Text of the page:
I enjoyed the chance to talk with many of you on Tuesday about the State of the Lab. The primary message I wanted to convey is that the success of Berkeley Lab – past, present, and future – is due to the remarkably talented people who work here.
At the start of the talk I said that we work closely with the Department of Energy to plan and carry out our scientific mission. I would like to talk a little bit more about what that means, specifically about all of the discussions we have had with the Department just over the last three weeks.
On July 15, I presented the Annual Laboratory Plan to the Undersecretary of Energy for Science and Energy Franklin Orr, the Director and Deputy Director of the Office of Science Cherry Murray and Patricia Dehmer, and the broad leadership of the Office of Science. I was joined by our Deputy Director, Horst Simon, and the Laboratories’ Associate Lab Directors, Susan Hubbard, Jay Keasling, Glenn Kubiak, Ramamoorthy Ramesh, Horst Simon, James Symons and Kathy Yelick, in addition to Kim Budil, the University of California Vice President for Lab Management. Paul Golan, DOE’s Berkeley Site Office manager, also participated. This represents a unique opportunity to have a full discussion of the Lab’s future opportunities and challenges with all of the senior stakeholders. As I said during my talk last week, the DOE gave us very positive feedback on our programs, rating many of our research activities as world-leading or best-in-class and offering strong support for our Lab-wide initiatives.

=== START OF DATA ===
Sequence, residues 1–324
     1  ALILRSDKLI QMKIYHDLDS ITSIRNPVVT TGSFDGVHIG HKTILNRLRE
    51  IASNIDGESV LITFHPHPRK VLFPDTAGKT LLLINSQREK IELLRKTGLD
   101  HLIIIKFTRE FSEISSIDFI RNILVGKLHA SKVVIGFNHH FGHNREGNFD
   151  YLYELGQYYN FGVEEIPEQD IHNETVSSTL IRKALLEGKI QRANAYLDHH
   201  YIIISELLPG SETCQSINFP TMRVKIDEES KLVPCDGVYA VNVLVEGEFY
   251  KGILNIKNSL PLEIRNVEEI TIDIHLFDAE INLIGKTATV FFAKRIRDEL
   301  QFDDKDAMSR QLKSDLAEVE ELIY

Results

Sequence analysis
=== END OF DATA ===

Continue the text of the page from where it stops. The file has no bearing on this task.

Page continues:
Then on July 26-27, I attended two meetings at the DOE’s Forrestal Building with all of the other Lab directors in the DOE system. For the first day, Cherry Murray and Pat Dehmer met with the directors of the ten labs managed by the Office of Science. On July 27, all 17 lab directors across the department met all day with the Secretary of Energy Ernest Moniz and the Deputy Director Elizabeth Sherwood-Randall. The primary topic at these meetings was how to integrate the laboratories more closely into a network of laboratories working together to carry out the research and development that is central to the department’s mission. We also discussed how the laboratories could serve to integrate the separate parts of the DOE’s research mission, from basic to applied research, and transitioning technologies to industry. We, the DOE laboratories, talked about what helps us to carry out more effectively our unique role in the government-university-industry research enterprise.
Finally, Cherry Murray visited the Lab on Aug. 3, the day after I talked to all of you about the state of the lab. Scientific leaders from across the lab engaged her in detailed discussions of key research initiatives, including exascale computing, biomanufacturing, subsurface science, novel accelerators, and the M2B initiative. Murray also toured the Advanced Light Source and Molecular Foundry as part of a deep dive into the research programs here. It was a terrific opportunity to discuss with her the full range of research opportunities we are pursuing, and Murray had very lively exchanges with all of the scientists throughout the day.
As you can see from the number and depth of these discussions, the Department of Energy is working very closely with us and the other laboratories as we plan and carry out our research. This represents an even closer conversation between the Department and the labs than when I was director of Fermilab about 15 years ago. The DOE leadership represents our research programs to the federal government, so it is essential that they have a deep understanding of our present research and our plans for the future. This stronger connection makes us more effective at bringing science solutions to the world.